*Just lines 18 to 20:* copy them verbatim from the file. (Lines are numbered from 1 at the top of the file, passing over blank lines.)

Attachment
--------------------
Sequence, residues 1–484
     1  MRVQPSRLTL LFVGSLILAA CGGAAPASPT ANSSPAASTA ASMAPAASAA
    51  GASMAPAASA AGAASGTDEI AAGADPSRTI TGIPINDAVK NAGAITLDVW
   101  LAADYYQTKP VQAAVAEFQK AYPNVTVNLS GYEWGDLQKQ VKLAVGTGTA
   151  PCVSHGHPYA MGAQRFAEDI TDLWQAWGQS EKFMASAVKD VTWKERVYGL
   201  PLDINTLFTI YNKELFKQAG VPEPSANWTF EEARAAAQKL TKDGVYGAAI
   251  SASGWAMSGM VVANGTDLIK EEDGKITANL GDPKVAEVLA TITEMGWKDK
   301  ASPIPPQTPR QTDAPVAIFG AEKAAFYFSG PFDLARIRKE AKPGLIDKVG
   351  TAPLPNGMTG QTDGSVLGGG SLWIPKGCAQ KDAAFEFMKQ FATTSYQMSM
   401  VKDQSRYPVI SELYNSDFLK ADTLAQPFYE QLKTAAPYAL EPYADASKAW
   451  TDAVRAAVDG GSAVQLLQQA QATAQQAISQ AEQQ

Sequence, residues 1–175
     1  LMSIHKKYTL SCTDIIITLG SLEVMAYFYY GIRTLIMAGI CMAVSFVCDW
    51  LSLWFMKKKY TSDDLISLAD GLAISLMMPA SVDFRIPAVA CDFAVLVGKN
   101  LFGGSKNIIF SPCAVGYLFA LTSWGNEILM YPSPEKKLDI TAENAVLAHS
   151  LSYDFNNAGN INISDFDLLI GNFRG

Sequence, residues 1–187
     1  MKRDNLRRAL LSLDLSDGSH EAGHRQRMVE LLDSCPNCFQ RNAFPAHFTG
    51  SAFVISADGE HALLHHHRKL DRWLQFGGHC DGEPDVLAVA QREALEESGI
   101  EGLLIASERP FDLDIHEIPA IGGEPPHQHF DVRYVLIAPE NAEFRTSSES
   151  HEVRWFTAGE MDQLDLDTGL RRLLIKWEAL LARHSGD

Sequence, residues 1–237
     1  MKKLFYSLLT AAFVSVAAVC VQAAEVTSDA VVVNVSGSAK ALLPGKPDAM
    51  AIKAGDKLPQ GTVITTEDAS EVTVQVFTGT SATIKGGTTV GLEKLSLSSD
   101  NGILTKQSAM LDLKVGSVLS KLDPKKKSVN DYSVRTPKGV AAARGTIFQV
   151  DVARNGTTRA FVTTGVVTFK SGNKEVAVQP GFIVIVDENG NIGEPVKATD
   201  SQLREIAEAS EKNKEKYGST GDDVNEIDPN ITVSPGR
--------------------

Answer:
     1  MKRDNLRRAL LSLDLSDGSH EAGHRQRMVE LLDSCPNCFQ RNAFPAHFTG
    51  SAFVISADGE HALLHHHRKL DRWLQFGGHC DGEPDVLAVA QREALEESGI
   101  EGLLIASERP FDLDIHEIPA IGGEPPHQHF DVRYVLIAPE NAEFRTSSES